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Shuai Jiao's History PDF Print E-mail
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sábado, 03 mayo 2008

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 Shuai jiao (Chinese: 摔跤 or 摔角; pinyin: Shuāijiāo; Wade-Giles: Shuai-chiao) is the modern Chinese term for wrestling. In a Western context, the term refers specifically to Chinese and Mongolian styles of wrestling. These styles have a long history and have undergone several changes in both name and form. Ancient Shuai jiao is claimed to be the progenitor of Sumo, and quite possibly Jujitsu and Judo.[citation needed]


The earliest Chinese term for wrestling, "jǐao dǐ" (horn butting), refers to an ancient sport in which contestants wore horned headgear with which they attempted to butt their opponents. Legend states that "jiao di" was used in 2697 BC by the Yellow Emperor's army to gore the soldiers of a rebel army led by Chi You.[1] In later times, young people would play a similar game, emulating the contests of domestic cattle, without the headgear. Jiao di has been described as an originating source of wrestling and latter forms of martial arts in China.[2]

The practice of Jiao li in the Zhou Dynasty was recorded in the Classic of Rites[3]
The practice of Jiao li in the Zhou Dynasty was recorded in the Classic of Rites[3]

"Jiao li" (角力) was a grappling martial art that was developed in the Zhou Dynasty (between the twelfth and third century BCE). An official part of Zhou military's training program under the order of the king[3][4], jiao li is generally considered to be the oldest existing Chinese martial art and is among the oldest systematic martial arts in the world. Jiao li supplemented throwing techniques with strikes, blocks, joint locks and attacks on pressure points.[1] These exercises were practiced in the winter by soldiers who also practiced archery and studied military strategy.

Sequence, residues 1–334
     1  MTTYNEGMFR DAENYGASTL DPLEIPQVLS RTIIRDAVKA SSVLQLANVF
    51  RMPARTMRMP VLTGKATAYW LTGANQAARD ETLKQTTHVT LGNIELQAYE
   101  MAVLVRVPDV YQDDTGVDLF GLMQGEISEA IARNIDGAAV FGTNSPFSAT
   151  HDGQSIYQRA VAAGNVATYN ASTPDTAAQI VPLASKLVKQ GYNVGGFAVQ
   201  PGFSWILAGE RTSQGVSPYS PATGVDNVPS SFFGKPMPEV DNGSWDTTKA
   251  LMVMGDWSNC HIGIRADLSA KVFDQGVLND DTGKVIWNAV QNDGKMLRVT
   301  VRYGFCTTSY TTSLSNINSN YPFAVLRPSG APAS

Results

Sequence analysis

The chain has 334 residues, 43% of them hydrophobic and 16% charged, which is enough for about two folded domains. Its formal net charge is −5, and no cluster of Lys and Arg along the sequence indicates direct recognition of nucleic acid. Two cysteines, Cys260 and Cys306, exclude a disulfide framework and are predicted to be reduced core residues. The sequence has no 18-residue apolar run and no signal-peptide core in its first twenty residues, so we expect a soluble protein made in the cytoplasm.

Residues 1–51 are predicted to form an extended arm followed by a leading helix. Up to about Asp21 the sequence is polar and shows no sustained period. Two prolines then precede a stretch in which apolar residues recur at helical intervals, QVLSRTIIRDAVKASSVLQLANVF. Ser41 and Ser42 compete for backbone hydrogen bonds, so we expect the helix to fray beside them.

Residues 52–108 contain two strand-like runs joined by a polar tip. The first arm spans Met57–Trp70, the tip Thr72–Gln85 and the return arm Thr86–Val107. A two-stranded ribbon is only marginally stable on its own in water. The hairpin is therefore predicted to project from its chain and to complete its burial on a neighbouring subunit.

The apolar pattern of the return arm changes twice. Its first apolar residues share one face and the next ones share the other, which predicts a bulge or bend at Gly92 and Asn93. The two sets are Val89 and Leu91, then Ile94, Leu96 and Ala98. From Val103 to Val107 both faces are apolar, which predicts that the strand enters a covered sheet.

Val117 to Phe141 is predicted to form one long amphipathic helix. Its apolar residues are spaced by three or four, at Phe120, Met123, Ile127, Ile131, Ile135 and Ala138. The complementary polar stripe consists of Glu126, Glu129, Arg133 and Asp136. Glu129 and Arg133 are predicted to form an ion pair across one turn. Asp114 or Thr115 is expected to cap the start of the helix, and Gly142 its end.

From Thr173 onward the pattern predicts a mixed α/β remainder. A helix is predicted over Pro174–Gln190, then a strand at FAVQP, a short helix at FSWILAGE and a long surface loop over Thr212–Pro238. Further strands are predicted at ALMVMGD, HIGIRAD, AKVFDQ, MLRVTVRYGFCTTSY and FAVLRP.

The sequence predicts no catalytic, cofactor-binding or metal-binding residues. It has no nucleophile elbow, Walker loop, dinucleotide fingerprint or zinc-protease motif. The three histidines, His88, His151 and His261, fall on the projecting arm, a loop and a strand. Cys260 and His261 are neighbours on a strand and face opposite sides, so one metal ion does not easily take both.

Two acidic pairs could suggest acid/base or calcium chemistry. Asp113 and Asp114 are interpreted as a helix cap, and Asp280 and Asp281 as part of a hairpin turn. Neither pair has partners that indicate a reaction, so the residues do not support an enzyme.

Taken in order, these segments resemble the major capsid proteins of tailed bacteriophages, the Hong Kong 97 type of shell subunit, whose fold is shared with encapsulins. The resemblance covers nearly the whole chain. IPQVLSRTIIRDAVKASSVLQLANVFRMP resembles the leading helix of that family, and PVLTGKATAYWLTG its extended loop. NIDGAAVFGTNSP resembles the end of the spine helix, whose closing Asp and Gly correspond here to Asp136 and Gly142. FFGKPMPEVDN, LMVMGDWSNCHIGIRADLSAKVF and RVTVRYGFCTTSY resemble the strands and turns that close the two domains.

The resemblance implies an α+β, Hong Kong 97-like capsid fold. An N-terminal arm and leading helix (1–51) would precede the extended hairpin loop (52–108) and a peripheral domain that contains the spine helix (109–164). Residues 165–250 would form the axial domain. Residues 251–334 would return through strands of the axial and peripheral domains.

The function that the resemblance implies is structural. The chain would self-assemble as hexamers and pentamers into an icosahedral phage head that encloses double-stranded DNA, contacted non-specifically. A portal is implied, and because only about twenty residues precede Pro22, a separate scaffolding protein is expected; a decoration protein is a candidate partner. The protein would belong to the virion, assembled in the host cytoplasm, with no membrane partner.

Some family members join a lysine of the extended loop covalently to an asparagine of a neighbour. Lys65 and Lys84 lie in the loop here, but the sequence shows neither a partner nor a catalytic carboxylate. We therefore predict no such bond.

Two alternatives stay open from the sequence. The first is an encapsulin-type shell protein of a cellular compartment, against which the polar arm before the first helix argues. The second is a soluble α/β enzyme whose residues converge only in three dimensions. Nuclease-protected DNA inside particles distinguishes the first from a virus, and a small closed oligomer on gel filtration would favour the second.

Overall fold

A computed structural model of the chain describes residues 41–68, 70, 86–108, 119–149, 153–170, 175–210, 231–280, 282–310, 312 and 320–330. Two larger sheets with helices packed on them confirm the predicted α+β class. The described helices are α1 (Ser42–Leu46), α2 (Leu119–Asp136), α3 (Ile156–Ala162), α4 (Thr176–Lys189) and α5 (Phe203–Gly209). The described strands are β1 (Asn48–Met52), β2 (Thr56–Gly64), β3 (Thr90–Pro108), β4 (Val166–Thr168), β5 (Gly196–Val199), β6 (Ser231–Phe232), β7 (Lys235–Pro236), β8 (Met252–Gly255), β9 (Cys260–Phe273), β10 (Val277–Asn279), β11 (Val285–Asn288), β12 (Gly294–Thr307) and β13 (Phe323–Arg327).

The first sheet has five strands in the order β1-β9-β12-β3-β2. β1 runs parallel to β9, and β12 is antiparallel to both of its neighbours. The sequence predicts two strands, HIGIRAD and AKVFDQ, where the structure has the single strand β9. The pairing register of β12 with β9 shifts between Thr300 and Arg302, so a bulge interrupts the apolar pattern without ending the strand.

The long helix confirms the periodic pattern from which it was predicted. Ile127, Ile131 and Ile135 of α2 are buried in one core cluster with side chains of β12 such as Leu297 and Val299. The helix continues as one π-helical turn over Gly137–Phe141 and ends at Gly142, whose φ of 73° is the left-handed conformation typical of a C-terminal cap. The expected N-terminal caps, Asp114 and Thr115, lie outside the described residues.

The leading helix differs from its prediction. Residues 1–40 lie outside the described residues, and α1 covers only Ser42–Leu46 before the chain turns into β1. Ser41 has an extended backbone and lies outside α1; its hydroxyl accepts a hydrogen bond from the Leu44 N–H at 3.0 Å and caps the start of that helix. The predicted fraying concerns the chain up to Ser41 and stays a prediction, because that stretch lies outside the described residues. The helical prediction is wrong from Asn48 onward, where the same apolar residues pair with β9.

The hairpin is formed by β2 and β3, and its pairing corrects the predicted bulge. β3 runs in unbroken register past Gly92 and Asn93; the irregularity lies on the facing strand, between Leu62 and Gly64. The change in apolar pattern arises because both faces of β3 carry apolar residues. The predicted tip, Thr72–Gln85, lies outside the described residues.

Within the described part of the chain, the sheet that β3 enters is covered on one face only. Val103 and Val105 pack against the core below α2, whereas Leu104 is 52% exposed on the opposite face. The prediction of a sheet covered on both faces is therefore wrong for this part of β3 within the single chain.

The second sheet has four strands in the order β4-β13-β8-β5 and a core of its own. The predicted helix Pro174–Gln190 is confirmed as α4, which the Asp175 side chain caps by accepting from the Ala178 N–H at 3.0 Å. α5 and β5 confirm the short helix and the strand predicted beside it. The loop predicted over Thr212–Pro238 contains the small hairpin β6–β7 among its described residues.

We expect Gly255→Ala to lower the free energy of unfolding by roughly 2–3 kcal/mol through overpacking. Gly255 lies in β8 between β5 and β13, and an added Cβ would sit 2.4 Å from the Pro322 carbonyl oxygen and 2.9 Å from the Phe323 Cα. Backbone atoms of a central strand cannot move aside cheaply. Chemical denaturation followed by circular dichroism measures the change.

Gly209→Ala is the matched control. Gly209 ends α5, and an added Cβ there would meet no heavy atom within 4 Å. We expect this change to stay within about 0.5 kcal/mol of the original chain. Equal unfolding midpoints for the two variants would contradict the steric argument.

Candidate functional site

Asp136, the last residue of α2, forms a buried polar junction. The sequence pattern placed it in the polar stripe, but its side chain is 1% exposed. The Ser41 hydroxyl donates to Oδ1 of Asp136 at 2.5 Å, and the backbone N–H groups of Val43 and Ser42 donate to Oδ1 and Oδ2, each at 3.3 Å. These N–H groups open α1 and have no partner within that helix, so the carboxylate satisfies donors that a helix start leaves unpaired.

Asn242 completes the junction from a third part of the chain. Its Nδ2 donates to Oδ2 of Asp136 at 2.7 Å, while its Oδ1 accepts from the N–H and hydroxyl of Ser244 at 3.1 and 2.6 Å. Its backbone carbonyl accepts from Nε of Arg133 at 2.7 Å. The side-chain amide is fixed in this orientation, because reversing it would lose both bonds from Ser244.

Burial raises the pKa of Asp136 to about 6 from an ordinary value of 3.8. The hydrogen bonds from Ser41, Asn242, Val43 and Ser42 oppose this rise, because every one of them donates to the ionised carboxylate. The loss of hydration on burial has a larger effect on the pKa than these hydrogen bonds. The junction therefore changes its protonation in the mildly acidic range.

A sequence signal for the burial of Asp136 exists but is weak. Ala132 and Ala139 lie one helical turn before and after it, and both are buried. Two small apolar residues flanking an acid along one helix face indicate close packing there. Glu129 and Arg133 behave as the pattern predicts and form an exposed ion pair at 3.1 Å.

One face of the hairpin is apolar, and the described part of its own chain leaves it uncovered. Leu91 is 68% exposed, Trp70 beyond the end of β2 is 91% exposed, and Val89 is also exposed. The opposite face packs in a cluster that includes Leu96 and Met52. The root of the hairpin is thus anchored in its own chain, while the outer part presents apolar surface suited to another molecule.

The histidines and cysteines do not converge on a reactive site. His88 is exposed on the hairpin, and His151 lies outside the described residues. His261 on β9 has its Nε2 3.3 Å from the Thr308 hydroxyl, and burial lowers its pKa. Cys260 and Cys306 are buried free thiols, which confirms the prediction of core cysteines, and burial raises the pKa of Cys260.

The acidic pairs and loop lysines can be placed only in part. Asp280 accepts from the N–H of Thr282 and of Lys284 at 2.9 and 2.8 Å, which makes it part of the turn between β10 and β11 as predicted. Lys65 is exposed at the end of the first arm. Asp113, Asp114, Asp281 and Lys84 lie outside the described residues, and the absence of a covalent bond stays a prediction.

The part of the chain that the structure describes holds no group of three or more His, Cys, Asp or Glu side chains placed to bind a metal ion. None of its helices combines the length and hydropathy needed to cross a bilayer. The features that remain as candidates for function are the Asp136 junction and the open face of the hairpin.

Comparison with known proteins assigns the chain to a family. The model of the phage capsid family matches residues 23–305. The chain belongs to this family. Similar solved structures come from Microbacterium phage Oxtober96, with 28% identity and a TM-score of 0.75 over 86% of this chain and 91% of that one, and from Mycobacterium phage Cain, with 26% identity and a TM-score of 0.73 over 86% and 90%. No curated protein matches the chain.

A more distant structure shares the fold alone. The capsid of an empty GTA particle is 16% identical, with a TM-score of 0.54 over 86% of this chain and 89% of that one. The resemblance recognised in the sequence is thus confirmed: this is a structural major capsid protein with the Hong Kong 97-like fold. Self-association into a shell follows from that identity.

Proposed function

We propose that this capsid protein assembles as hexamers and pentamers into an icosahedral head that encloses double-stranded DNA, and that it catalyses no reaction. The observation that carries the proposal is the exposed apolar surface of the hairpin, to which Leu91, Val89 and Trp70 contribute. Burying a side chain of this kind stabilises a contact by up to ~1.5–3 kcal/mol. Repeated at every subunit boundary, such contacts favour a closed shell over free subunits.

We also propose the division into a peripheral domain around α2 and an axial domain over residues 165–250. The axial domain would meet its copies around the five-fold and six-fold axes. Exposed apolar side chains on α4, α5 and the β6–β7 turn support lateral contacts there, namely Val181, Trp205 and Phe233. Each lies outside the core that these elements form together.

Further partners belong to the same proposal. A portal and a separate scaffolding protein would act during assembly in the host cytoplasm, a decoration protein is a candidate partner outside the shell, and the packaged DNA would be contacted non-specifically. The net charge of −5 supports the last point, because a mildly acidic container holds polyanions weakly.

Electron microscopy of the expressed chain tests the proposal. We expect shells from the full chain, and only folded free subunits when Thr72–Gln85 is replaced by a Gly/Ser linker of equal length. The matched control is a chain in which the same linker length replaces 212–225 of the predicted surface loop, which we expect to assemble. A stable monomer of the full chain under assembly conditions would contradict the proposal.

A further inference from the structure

Jiao li eventually became a public sport in the Qin Dynasty (221-207 BCE)[4], held for court amusement as well as for recruiting the best fighters. Competitors wrestled each other on a raised platform called a "leitai" for the potential reward of being hired as a bodyguard to the emperor or a martial arts instructor for the Imperial Military. Some contests would last a week or so, with over a thousand participants. Jiao li was taught to soldiers in China over many centuries and its popularity among the Manchu military guaranteed its influence on later Chinese martial arts through the end of the Qing dynasty.

The term "shuai jiao" was chosen by the Goushu Institute of Nanjing in 1928 when competition rules were standardized. Today, shuai jiao is popular with the Mongols, where it is called "böhke," who hold competitions regularly during cultural events.[5] The art continues to be taught in the police and military academies of China.


The word "shuai," , stands for "to throw onto the ground", while "jiao" may be one of two characters: the first and oldest, , stands for "horns" and the second and recent, , stands for "wrestle or trip using the legs". Shuai jiao therefore means either "to throw onto the ground using horns" or "to throw onto the ground through wrestling with legs".

If one is figurative rather than literal with the translation of "horns" it could be interpreted to connote raw, animal-like competition. This more figurative translation yields a third possible translation of the term shuai jiao as meaning "competing to throw".

Last Updated ( jueves, 08 mayo 2008 )